A Comparison Between Tony Kytes, The Arch Deceiver by Thomas Hardy and The Seduction by Eileen McAuly

A Comparison Between Tony Kytes, The Arch Deceiver by Thomas Hardy and The Seduction by Eileen McAuly

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A Comparison Between Tony Kytes, The Arch Deceiver by Thomas Hardy
and The Seduction by Eileen McAuly

"Tony Kytes the Arch Deceiver" is a hilarious story of an afternoon
when Tony was driving home from the market in his wagon. A pretty girl
called Unity to whom he was quite close before he met his present
fiancé stopped him and asked him to give her a lift home. They were
riding along, having a flirtatious conversation, when Tony saw Milly,
his fiancé. Fearing her displeasure on seeing Unity riding with him on
the wagon, he manages to persuade Unity to hide at the back of the
wagon. Extraordinarily, later in the journey Tony manages to persuade
Milly to do the same thing when he sees yet another young lady, this
time called Hannah. Inevitably, at the end of the journey the three
young ladies discover each other's presence. After a brief period of
mayhem, Milly and Tony are alone again, planning their wedding.

"The Seduction" tells a story of a boy and a girl, who after a party,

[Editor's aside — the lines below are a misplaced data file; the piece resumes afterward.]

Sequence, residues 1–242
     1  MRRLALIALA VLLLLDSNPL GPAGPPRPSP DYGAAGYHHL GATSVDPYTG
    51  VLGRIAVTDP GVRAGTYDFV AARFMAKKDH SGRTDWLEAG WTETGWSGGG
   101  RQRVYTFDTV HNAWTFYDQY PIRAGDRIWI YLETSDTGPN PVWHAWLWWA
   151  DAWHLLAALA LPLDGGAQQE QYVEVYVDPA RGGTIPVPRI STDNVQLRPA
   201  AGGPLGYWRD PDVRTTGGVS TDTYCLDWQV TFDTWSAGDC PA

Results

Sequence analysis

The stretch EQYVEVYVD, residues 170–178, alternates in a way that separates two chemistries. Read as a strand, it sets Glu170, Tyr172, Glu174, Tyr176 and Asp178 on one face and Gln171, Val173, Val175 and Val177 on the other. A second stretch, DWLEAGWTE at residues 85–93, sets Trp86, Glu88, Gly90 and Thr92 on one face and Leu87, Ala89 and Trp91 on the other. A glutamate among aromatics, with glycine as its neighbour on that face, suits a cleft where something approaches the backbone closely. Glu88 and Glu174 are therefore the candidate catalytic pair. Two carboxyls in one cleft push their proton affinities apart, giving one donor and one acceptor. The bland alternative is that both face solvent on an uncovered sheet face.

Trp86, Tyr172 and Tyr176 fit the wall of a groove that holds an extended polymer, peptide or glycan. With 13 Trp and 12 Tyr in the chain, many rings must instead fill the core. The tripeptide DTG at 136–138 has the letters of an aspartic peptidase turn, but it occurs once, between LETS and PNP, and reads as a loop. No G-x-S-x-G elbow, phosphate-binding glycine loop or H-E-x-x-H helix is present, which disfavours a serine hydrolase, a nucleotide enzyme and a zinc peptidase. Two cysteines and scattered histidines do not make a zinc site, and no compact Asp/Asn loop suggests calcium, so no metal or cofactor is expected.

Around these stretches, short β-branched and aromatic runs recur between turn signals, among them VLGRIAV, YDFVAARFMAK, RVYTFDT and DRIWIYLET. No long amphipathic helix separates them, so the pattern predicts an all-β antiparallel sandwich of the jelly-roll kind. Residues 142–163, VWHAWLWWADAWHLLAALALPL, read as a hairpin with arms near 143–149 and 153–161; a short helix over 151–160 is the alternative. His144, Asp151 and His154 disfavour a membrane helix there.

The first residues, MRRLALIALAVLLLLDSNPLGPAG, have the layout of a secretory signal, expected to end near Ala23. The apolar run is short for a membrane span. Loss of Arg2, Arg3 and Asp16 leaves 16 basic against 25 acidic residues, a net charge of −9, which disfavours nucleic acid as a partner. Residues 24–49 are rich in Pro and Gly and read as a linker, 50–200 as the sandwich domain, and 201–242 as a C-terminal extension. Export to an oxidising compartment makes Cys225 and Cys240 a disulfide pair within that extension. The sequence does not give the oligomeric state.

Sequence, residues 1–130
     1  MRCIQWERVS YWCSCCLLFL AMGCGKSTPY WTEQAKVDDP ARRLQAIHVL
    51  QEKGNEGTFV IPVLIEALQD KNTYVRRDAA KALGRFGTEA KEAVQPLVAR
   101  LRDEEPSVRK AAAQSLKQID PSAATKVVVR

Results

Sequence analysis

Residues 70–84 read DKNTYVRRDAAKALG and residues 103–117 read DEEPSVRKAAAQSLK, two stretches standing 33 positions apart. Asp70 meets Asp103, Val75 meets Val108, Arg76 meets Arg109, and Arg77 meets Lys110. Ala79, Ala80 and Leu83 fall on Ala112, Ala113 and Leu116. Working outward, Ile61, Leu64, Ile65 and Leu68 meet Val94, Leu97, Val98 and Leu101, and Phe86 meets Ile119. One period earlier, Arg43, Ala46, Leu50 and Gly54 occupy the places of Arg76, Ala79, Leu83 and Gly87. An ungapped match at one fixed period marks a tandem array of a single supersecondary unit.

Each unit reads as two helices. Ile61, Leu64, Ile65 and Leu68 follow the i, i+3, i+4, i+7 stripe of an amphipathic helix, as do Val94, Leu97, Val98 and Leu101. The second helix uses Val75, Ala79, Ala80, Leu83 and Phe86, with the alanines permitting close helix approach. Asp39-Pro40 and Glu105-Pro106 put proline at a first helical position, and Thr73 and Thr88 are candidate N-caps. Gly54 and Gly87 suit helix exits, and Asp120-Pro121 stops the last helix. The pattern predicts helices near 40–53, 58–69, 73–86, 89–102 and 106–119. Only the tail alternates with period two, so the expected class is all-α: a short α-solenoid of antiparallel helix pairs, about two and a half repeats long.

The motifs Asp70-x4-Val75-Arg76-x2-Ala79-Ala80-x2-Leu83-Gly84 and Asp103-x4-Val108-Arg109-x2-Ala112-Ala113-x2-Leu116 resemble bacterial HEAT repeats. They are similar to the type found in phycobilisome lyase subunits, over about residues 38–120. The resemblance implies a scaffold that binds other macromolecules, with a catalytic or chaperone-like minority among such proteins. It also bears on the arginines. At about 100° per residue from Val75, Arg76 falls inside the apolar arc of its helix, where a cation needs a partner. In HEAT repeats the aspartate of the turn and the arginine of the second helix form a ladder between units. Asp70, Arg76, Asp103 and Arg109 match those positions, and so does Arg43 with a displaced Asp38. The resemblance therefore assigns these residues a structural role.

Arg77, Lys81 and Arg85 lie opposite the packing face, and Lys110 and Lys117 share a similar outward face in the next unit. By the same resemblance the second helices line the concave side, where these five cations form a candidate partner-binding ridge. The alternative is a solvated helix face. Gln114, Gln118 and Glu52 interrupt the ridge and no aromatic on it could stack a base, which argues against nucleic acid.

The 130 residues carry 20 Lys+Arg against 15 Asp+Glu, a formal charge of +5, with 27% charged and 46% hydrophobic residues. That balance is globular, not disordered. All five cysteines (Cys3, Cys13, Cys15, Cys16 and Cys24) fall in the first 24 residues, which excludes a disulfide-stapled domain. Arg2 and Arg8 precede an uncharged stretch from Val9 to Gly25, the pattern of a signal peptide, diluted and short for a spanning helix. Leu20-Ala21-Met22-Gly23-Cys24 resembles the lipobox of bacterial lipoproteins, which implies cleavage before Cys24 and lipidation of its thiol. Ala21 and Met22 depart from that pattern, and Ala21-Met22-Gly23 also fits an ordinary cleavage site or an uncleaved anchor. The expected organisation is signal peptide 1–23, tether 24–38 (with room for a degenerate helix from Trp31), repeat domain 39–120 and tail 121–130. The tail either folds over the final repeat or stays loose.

go to sit by the river in the early hours of the morning. They talk a
little and giggle while drinking vodka. He then quickly began his
seduction of her with a kiss. As a result of this encounter, she
becomes pregnant. She is very angry, afraid and ashamed as she
realises that her life has changed forever.

Both pieces of writing show how young women can be misled by somewhat
more experienced men. This is shown by their innocence and tendency to
follow the male initiatives, to the extent that the young ladies in
the Tony Kytes story are even willing to suspend common sense and
ludicrously conceal themselves beneath tarpaulin. The differences
between the...


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In the poem, there is no real humour. Even the clumsy way of speaking
which the boy has, such us "Eating me dinner", which could be comical,
come across only as pathos. The writer makes use of numerous
adjectives such as "softly rounded belly", "pink smiling faces" and
"grey and frothy tide." The phrase used to describe her ultimate
feelings about the pregnancy is very powerful: "This despicable
feminine void." These few words convey the situation in its entirety;
its negative nature, that it is a purely female problem and that it is
inescapable.

The women in both the story and the poem appear at first to be from
different worlds with nothing in common. However they are, in fact,
united by their femaleness; by the vulnerability that they share
simply by being women, trying to have a relationship with a man.



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